Jessica: I think between the two, my absolute favorite is post-apocalyptic, but it really depends on how far past the actual collapse the story has gone. I love reading stories where the world in general has already just barely collapsed, and characters are still struggling to get the hang of the new way of life and the absence of things that made their lives comfortable before the apocalyptic event—such as electricity, ease of communication over long distances (such as telephones, smartphones, etc.), lack of internet, lack of running water, lack of easily obtained food. It can really make the struggle for survival far more interesting than the actual collapse.
Craig: What is your approach to writing? How do you complete a novel?
Jessica: One word at a time.
In all seriousness, I used to be a total pantser—I’d just write whatever came to mind as it came to mind, with no real idea of where the heck I was going. Now, though, especially with this trilogy, I’ve discovered the joys and wonders of at least having a basic outline with the major events I’m aiming for jotted down. I also have set minimum word counts to reach every day—I have to hit my minimums, which is usually around 2,000 words, and everything after that is just a lovely bonus. Once the draft is done, I let it sit for a while before I go through and rewrite, then I do one more pass for editing, and then I turn it over to my beta readers to let them nitpick it apart. So there’s definitely a method to my madness, though anyone who actually saw me writing would think it was total chaos and that I’d lost my mind!
Craig: What are the key elements to a great story, and how do you approach them?
Jessica: I think there’s definitely a certain set of requirements for a good story: 1. a good idea, 2. a good set of well-developed, realistic characters, and 3. an ability to actually tell the story and do it justice. There’s a surprisingly large flood of zombie books on the market now, but so very few of them stand out because they’re not bringing something new to the table or aren’t bringing something old with a new twist to it. Either that, or they’re bringing something great to the table, but they spend so much time on the zombies or the plot that the characters are as interesting and distinguishable from one another as cardboard. It’s incredibly frustrating, and it’s part of why I wrote my trilogy: I read a really horrible zombie book that sounded fascinating from the blurb, and while I did manage to finish it because it was fairly like a train wreck, I just couldn’t believe it’d been published. The characters were incredibly flat and behaved so unrealistically for their ages, the idea—while interesting in theory—wasn’t done justice to, and the zombies weren’t threatening so much as eye-rollingly awful.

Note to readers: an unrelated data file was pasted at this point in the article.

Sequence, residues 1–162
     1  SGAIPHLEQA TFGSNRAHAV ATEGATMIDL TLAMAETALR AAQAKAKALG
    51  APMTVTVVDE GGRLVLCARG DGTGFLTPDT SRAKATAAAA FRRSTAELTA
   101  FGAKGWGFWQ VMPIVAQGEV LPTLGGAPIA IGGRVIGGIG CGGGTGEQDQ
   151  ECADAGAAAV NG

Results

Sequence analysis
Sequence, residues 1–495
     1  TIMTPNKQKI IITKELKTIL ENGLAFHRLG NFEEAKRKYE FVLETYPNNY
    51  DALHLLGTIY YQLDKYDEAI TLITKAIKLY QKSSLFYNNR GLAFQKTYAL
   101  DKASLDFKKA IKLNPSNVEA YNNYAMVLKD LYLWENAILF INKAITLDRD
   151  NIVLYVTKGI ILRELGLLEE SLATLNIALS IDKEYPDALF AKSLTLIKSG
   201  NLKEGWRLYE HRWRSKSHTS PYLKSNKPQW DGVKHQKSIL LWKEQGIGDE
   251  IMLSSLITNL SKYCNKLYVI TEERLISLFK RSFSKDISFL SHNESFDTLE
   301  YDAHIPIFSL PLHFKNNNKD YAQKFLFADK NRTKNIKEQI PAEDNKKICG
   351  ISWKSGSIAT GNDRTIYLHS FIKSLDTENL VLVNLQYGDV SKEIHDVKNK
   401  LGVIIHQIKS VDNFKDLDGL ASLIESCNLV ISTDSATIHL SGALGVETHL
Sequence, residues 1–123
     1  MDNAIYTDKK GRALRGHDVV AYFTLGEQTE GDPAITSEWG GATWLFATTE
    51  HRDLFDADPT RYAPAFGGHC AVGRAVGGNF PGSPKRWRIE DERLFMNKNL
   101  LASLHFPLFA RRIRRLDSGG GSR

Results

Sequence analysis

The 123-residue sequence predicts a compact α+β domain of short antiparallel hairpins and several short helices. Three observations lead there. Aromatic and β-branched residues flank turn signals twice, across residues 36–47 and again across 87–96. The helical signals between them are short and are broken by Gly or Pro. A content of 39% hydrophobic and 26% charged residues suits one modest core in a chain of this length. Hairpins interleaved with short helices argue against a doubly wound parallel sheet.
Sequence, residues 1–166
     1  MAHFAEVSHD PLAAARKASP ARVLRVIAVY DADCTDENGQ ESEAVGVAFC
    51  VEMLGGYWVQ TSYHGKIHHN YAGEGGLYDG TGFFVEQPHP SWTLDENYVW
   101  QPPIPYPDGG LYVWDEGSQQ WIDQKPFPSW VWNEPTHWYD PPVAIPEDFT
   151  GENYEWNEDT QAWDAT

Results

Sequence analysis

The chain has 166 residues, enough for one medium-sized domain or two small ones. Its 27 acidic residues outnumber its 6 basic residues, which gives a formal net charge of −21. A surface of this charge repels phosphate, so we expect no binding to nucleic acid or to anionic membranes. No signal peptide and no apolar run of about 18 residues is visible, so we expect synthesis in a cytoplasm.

I think, as a writer and as a fan of the zombie genre, I felt it was my job to bring readers something that was better than that book and the others like it on the market today. I strove to make my characters realistic—though at times, not necessarily likable—and tried to get some diversity in there. Every character has their motivations for pretty much everything they do, whether it be survival, protecting someone close to them, or even revenge. My characters are fairly complex and flawed people, living in a world equally complex and flawed, and I spent hours writing and jiggling things around to make them so. Prime example: Remy Angellette. I have an entire novella sitting on my computer hard drive right now that details exactly what happened to her when the virus broke out and how she got to where she is when the rest of the characters find her in the first book. I have several novellas like that; most were written out for my own information, but who knows? Maybe they’ll see the light of day sometime.
Craig: What are you working on? What can we expect next from you?
Jessica: Right now, I’m awaiting the publication of the second and third parts of The Becoming trilogy with Permuted Press, THE BECOMING: GROUND ZERO and THE BECOMING: REVELATIONS. As for active writing projects, I’m currently working on a zombie horror project that takes place in 1868 tentatively called THE DEADENING (though I like that title enough that it will likely stick), and I’m tinkering with the outlining and moderate drafting of a possible fourth book in The Becoming trilogy (yes, I’m going to be the next Douglas Adams with a four-book trilogy). I’m also revising one of those aforementioned novellas that I’m considering self-publishing when I’m able to as a means of promotion for the second book in the trilogy. I have a massive list of ideas that demand to be written, and one day, hopefully, I’ll actually get to them all!
Craig: Thanks for joining us, Jessica!
Jessica: Thanks for the opportunity!